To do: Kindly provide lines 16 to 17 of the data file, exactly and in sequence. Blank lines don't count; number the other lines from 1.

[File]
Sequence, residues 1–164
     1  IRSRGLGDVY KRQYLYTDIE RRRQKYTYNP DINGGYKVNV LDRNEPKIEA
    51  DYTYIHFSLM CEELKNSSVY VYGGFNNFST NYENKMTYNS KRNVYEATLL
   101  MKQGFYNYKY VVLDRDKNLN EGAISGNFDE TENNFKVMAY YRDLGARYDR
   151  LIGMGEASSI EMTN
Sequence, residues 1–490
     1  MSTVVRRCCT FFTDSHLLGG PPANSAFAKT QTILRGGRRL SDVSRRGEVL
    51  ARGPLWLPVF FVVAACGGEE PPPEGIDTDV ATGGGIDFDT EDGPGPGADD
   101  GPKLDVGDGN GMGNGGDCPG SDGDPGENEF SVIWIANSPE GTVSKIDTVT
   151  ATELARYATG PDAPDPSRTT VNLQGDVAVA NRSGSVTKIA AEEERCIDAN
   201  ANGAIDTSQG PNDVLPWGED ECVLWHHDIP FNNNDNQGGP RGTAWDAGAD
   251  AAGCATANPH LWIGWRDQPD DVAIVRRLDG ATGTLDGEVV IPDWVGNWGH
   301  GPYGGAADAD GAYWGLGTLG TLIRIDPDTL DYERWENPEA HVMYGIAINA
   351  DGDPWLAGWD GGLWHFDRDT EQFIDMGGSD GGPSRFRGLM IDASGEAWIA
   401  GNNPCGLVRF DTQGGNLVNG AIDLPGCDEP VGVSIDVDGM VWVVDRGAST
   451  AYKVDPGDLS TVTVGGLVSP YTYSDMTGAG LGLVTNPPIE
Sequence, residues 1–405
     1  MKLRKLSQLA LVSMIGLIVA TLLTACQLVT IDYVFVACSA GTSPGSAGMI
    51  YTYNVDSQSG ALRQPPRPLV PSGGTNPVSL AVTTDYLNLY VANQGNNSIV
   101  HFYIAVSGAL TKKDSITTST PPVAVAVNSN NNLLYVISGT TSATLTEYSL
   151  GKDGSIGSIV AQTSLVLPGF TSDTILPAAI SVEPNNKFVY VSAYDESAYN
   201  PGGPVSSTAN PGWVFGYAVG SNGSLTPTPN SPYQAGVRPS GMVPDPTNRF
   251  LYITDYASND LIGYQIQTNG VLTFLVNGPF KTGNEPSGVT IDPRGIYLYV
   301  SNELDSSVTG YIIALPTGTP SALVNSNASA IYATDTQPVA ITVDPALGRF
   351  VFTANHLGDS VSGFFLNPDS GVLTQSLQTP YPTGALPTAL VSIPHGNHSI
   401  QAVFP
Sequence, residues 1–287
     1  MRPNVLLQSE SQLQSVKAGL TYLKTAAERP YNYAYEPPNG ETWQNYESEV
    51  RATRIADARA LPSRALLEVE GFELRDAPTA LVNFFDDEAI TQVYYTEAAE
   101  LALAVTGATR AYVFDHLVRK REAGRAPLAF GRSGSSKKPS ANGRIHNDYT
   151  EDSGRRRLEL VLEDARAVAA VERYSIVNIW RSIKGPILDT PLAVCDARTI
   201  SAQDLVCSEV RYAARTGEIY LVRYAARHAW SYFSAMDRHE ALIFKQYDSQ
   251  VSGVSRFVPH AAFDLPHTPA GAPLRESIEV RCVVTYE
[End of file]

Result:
   451  AYKVDPGDLS TVTVGGLVSP YTYSDMTGAG LGLVTNPPIE
Sequence, residues 1–405